I have this sentence:


It comes from a fable about the Chinese Zodiac that I'm trying to translate into English.

I have this basic word-by-word translation:

そして - and, used to connect sentences

先{さき} - first

来{き}た - past tense form of 来る, come

者{もの} - person

から - from

十二番目{じゅうにばんめ} - twelfth

まで - only

その - that

年{とし} - year

代将{だいしょう} - leader(?)

しよう - ?

I'm curious as to how:

a) I would translate しよう at the end of the sentence, and

b) how this sentence is structured. I understand the basic meaning only because I can put the seeming mess of words together, but I don't really understand how they fit together the way they do and why. Does 先に来た者から十二番目 just mean "first through twelfth", and what would be the correct translation of 者 in that case, person? But why does it come after 来た? Any help appreciated, ありがとうございます!

  • 2
    This question contains a grammar point that was asked about just a few hours ago (nice coincidence) What is this と?. It seems that the entire から…まで expression is treated as a noun (I'd love affirmation of this from all you more knowledgeable people :)) – G-Cam Nov 21 '17 at 4:24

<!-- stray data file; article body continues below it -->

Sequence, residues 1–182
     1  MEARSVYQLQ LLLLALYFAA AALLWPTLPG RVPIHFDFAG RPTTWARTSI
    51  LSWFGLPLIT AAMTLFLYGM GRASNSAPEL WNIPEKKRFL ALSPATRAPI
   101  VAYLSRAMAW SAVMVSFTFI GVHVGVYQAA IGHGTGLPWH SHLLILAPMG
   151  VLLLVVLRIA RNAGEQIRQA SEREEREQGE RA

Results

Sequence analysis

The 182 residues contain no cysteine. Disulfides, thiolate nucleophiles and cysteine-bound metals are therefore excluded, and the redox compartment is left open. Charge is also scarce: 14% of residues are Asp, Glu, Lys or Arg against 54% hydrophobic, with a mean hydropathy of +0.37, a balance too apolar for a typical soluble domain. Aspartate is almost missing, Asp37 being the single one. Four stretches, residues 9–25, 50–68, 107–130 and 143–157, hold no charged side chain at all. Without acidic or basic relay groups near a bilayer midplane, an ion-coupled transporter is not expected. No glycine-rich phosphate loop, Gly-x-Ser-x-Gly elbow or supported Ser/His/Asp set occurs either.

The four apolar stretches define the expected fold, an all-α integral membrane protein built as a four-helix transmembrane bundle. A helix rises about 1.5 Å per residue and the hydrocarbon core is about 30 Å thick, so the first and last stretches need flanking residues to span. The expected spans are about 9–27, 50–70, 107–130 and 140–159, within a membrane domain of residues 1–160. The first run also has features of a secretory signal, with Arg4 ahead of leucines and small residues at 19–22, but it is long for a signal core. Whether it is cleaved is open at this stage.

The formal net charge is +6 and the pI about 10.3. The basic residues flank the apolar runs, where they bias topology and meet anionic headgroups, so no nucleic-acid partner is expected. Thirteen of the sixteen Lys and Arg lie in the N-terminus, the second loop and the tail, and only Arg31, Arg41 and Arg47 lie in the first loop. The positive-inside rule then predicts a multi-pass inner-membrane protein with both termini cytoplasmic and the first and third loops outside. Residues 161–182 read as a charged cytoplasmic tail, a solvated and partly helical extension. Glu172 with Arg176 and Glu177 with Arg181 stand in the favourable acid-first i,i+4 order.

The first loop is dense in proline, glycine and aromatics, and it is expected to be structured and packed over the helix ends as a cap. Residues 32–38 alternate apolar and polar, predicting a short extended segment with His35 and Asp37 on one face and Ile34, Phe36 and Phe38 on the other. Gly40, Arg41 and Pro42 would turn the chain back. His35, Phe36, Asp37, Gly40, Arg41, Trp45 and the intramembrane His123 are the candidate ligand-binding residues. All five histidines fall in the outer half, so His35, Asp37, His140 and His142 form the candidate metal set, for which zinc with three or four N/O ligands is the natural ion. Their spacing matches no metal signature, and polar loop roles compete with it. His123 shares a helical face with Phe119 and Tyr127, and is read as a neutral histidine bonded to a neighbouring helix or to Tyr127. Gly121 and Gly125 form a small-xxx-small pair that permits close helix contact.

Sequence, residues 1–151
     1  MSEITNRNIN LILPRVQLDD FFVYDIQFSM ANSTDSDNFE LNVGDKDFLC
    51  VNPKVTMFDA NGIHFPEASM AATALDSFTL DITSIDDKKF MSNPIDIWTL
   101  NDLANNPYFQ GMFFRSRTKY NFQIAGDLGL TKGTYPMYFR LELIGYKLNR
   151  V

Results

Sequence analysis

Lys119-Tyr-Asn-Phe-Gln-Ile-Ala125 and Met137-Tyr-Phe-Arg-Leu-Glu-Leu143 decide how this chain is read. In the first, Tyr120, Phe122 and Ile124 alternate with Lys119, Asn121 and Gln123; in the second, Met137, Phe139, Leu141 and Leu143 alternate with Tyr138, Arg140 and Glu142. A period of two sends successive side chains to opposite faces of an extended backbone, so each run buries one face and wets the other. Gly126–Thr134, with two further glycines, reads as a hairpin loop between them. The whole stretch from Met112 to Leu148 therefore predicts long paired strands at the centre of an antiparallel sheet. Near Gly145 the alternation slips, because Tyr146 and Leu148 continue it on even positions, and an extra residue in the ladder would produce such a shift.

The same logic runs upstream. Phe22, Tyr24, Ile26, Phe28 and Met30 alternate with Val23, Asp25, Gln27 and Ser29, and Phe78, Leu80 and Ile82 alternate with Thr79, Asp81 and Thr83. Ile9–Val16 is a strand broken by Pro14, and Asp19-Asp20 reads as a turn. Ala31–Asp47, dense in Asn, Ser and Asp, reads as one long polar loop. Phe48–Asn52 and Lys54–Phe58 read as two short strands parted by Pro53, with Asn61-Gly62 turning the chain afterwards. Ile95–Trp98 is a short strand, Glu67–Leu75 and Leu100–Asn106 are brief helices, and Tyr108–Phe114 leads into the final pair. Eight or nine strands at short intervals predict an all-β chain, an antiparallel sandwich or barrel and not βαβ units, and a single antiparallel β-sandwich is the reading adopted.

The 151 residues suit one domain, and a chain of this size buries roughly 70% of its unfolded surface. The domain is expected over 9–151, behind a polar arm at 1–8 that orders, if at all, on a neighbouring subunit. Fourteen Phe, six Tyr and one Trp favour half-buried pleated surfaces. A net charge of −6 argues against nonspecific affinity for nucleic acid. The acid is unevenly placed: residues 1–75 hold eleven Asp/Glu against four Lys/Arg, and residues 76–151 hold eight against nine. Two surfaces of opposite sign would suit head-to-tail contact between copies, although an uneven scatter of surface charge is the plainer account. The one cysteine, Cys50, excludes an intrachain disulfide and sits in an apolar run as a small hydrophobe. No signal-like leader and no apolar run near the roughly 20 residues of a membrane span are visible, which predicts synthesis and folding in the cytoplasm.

I'd rather not do a strict analogous translation, but let's try to break your sentence down into sensible segments:


先に来た者から from he/that came first

十二番目(の者)までを、 until the twelfth (person/being),

「その年の大将」と as "the head/representative of that respective year"

しよう。 let's (make/designate)

To answer your question:

1) しよう is the volitional form of "to do". From the context of the sentence it would mean "Let's do (something)".

2) To reorganize my attempt at the sentence breakdown, it would roughly come as

Thus, let us designate those who/which came, first down to the twelfth, as the representative of each (of the twelve) year(s).

  • Seems to make sense. So in the phrase 先に来た者から十二番目まで, 「来た者」translates as "he who comes", while 「Aに~からB」translates as from A to B, correct? – norskie7 Nov 21 '17 at 4:45
  • 先に来た者becomes your entire 'A' phrase, so that's simply AからBまで. – keithmaxx Nov 21 '17 at 7:14
  • Okay, and 先 is just the word describing the time/location of 来た, which is why に is used. I understand now. ありがとうございます! – norskie7 Nov 21 '17 at 7:18
  • @keithmaxx If you read the story, you will find the remark is done before the competition and 来た doesn't mean past tense but completion. – user4092 Nov 21 '17 at 7:38
  • If it satisfies your question, accepting or promoting the answer would be appreciated. Thanks. – keithmaxx Nov 21 '17 at 8:37

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